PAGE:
Ty: Hold that thought. Jonas wrote a long e-mail and has never been noted so I e-mailed him that we'd go over all his points. His final point was about Kat's review and the fact that it didn't go up Monday.

Kat: It was done. I'd written two versions in long hand. I'd worked and worked on that thing while we were all on the road. Sunday morning, everyone was helping me with the editing of it and basically cutting, with scissors, parts of my various drafts and piecing it together. It needed to be typed up. We got home on Sunday. We stopped, on the way from the airport, to get something to eat. Then I went back to my home and Jess, Dona, Ava, Jim, Ty and C.I. all went back to their house. I crashed at my place. I'd told myself if I woke up at any time on Sunday, I'd type up the review. I told myself if I didn't, I'd type it up Monday morning. I didn't wake up Monday morning. It was noon when I finally woke up. I hopped in the shower, pulled my hair into a pony tail, and drove over to the party. My intent was to say hello to everyone, go off by myself and type up the review then. I'd planned to have it posted before the article we'd all written went up. But I arrived and Jim grabbed me, like we've already discussed.

Jim: Right. And Kat was thinking, "Quick polish. Then I can type up my review." But there wasn't time. She was helping with the polish even while she was playing bridge. As soon as the polish was done, Ty, Dona and I divided up sections and typed them on different computers, saving them to disc and then merged the entire thing in Microsoft Word. We then did links and Kat had already decided that if her review went up, it would be up either 30 minutes before this went up or after. She didn't want to distract from the feature we'd all written so she elected to hold the review.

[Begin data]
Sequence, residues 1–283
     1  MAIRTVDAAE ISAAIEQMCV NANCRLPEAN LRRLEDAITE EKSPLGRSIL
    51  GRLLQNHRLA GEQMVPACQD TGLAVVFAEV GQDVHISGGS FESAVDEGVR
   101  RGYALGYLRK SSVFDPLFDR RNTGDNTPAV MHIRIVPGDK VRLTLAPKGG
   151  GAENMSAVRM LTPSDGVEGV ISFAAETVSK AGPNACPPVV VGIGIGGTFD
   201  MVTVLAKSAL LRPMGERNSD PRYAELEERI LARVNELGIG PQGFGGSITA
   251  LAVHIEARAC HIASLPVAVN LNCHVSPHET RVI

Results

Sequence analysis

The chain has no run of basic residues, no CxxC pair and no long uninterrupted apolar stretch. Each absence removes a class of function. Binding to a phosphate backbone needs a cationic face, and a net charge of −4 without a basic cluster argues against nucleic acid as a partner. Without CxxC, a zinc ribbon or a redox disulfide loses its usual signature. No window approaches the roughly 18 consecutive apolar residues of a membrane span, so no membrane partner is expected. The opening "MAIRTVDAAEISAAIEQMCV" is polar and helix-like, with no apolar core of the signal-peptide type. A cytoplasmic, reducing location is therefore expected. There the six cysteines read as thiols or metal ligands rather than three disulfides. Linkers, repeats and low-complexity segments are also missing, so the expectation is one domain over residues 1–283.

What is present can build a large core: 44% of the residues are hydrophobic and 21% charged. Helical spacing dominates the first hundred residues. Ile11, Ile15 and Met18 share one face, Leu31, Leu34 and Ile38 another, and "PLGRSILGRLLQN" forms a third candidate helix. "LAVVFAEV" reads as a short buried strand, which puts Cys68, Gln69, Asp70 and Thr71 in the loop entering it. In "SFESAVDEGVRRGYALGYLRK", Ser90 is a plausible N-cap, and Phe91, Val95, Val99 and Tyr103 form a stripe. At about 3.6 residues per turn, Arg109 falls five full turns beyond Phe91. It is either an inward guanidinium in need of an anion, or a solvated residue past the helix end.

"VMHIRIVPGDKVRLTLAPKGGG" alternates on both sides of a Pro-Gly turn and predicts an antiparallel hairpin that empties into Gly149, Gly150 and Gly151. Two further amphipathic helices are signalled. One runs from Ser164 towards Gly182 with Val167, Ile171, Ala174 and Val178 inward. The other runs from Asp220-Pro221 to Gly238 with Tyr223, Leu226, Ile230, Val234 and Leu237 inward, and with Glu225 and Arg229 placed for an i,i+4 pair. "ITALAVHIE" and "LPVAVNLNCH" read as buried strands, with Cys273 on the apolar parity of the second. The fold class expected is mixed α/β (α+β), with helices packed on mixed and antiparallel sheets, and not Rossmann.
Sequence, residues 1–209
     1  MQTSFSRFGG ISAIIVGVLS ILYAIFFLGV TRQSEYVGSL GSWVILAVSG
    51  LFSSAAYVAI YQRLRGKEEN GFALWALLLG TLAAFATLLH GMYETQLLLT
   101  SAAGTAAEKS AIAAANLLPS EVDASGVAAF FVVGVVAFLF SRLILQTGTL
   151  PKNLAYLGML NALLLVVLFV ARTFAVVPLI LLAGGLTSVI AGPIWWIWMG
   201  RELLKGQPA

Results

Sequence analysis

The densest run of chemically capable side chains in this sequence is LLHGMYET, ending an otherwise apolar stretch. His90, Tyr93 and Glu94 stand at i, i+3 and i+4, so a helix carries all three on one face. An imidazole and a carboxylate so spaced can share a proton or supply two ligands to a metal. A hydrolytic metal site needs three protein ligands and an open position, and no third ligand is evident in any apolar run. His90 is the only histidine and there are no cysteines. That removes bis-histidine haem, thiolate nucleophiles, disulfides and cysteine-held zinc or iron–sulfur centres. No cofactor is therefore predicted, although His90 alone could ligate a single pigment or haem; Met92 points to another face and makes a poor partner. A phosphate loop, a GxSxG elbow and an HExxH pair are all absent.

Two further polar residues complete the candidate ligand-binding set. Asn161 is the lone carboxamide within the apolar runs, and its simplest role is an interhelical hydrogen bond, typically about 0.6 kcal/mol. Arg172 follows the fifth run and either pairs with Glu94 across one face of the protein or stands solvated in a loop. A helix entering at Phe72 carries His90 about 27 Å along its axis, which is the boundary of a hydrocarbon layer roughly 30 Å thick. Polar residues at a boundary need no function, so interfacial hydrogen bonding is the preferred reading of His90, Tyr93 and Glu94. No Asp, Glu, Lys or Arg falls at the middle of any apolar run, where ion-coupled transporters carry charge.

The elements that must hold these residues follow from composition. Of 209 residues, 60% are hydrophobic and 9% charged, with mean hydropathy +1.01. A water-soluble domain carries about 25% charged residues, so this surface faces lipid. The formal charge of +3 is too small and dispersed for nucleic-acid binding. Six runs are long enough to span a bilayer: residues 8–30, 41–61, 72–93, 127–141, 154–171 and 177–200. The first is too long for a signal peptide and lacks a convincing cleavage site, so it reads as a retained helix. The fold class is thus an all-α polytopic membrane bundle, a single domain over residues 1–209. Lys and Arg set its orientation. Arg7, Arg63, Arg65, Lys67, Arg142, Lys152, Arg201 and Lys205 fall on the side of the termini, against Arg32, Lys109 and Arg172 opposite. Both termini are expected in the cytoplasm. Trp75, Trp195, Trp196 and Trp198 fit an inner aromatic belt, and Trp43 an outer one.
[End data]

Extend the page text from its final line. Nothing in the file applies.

Betty: And it was noted that she could do it anytime. She told community members that if they couldn't wait for this weekend to let her know and she'd type it up and post it during last week. But it was written, just needed to be typed.

Kat: And it's typed already. I typed it before this edition started. It'll be posted by the time anyone's reading this. I held it until Sunday so that there would be something up on Sunday morning since we're all so focused on turning out an edition here that C.I. doesn't have time to get something up by early Sunday morning each Sunday.

Ty: We'll insert a link to it before we post this but do you want to say anything about the review?

Kat: It's about another 'peace queen' who likes to play 'peace queen' in times of peace but renders herself useless when the nation's at war. It's real easy to talk peace and love in times of peace. If you can't do it when it's really needed, you make yourself useless. It's more shameful when we're talking about an older and established artist, one that gets zero airplay for new recordings, so has nothing to lose by standing up. Neil Young stood up. The Eagles are standing up. It's a shame that a woman who will turn 70 shortly can't stand up. It's a shame that I have to call out someone whose work I've admired in the past because she's decided she'd rather go out a coward. And as 70 loomos, people really should be worried about their legacies.
There are other points to the review, and I'll write about it myself on Monday, but that's one of the big points.

Ty: Lastly, Jonas wants to know what you'll review next?

Kat: I hate boxing myself in. I was going to add a part, when I was typing it Saturday night, about Stephen Stills' new release but then remembered I'd said I'd planned to try to review that on its own. Ideally, which means "probably won't happen," I'd next review Prince, Stephan Stills, Josh Ritter, Smashing Punkins and Ben Harper. I'll also be revewing Joni Mitchell's Shine which is incredible but I'm waiting for that to be released. Now I most likely won't have time for all of those. The two you can count on will be Ben Harper and Joni Mitchell. Those will be done and up before October 3rd.